“My research is mostly focused on using the ability of the brain to change,” Dr. Hays relayed to us. “We’re trying to…capitalize on that ability to drive changes in the brain that are beneficial to treat a variety of neurological disorders. Things from stroke to traumatic brain injuries to spinal cord and even things like tinnitus, and hopefully autism at one point.”
“My research is mostly focused on using the ability of the brain to change,” Dr. Hays informed us. “We’re trying to…capitalize on that ability to drive changes in the brain that are beneficial to treat a variety of neurological disorders. Things from stroke to traumatic brain injuries to spinal cord and even things like tinnitus, and hopefully autism at one point.”
Many neurological disorders manifest as difficulties in movement. Neurons affected from injury may become hyperactive, such as the case with phantom limb pain or tinnitus, or hypoactive, meaning the brain cells are not active enough. Dr. Hays predicts that the application of coupling VNS with rehabilitative therapy will be able to bolster motor improvement.
How does this work?
“We’re in the early stages of understanding how the reinforcement action works, but the way we think about it is that when you stimulate the VN it activates areas in the brain that release chemicals call neuromodulators. So neuromodulators are often released when we’re learning, when we’re engaged in something. We sort of co-opt that system by collectively stimulating it. Releasing those [neuromodulators] and what they’re doing is telling the brain that whatever is happening right now is important and you should remember that.”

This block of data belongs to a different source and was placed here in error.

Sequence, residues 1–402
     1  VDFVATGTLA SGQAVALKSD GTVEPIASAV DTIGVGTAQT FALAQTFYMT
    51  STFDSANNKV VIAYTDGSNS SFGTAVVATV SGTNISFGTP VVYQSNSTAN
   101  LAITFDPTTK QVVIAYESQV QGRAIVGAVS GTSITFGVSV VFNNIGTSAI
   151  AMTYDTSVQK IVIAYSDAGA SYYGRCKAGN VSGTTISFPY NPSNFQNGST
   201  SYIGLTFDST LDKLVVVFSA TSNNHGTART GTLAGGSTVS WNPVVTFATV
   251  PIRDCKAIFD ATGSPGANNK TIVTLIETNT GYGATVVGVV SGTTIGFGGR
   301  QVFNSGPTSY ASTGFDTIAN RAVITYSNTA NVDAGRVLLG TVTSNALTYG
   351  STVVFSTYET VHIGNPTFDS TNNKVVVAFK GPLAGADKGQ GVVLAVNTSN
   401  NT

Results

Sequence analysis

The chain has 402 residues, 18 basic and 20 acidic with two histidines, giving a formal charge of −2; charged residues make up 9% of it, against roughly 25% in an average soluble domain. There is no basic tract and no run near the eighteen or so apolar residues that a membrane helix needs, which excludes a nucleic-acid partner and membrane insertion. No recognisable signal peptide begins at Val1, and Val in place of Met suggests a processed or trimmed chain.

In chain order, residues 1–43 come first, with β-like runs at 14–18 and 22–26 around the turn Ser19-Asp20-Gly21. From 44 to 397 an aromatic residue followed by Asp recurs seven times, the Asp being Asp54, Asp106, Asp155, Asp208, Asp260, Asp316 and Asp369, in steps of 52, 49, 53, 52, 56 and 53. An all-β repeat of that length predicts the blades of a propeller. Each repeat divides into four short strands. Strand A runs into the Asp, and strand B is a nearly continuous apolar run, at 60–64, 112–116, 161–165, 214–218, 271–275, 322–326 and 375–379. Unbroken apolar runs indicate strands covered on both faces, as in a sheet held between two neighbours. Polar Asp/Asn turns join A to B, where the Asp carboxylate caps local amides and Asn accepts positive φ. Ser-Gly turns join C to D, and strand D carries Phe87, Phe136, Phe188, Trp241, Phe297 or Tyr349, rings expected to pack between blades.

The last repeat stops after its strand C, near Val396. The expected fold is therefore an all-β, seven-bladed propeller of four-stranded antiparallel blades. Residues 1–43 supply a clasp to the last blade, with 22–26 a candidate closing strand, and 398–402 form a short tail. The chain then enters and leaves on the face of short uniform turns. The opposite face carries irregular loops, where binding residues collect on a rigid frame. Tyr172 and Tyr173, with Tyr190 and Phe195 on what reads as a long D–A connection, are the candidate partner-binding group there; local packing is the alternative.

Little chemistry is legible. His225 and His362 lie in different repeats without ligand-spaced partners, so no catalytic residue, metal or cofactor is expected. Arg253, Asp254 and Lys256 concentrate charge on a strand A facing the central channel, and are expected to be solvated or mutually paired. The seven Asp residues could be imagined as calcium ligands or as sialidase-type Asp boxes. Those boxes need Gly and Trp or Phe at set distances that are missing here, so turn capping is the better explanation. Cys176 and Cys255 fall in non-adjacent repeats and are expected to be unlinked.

UNKNOWN VARIABLES AND BREAKTHROUGHS
Complicating his research, Dr. Hays states that the vast terrain of neuroscience is not largely understood.
He refers to it as a black box. “That’s really, I think, one of the more fascinating things about it.”
Like the Rangers, he utilizes his understanding of the world around him to solve these mystical black box problems; in his case, engineering. By examining each challenge as a system of components, he applies critical thinking to answer questions surrounding potential inputs and outputs to achieve breakthroughs. It was this strategy that led to a major discovery.
While investigating generalized recovery in stroke patients, he and his team set out to answer a series of inquiries. One in particular was to answer an important question for patients: Would VNS applied to one particular rehabilitative task generalize to another, similar task? The answer would allow patients to optimize rehabilitation time by targeting specific exercises that are beneficial.
“Conceptually, we believed that we would see this long-term plasticity, but we had not yet demonstrated that. So we had previously done some studies that showed if you applied VNS during rehabilitation that you could improve recovery—behavioral benefits that were able to better recover their motor functions, so arm functions after an injury. But we had not yet seen any evidence of what was happening at the level of neurons in the brain, so what we had seen is increases in the synaptic connectivity to the muscles that have been rehabilitated.”
“We were thrilled to see that the benefits generalized from training on one thing [applied] to training on similar tasks.”
WELCOME HOME, VNS
One of the tools Dr. Hays and his team have developed allows patients to receive rehabilitative treatment at home. An app designed for tablets opens the door for VNS treatment to be assessed and monitored without imposing time constraints on patients.
“We’re developing some software tools, some hardware—just things that patients should be able to take home. Hopefully, it’ll be simple to manipulate and really be able to deliver more of the therapy to them.”
If you happen to run into Dr. Seth Hays outside of work, he’s not lost. An avid traveler who seeks interesting places to visit, he enjoys keeping a work-life balance. You may find him cycling on a trail, hunting down good food to eat, or searching for his next great cup of coffee.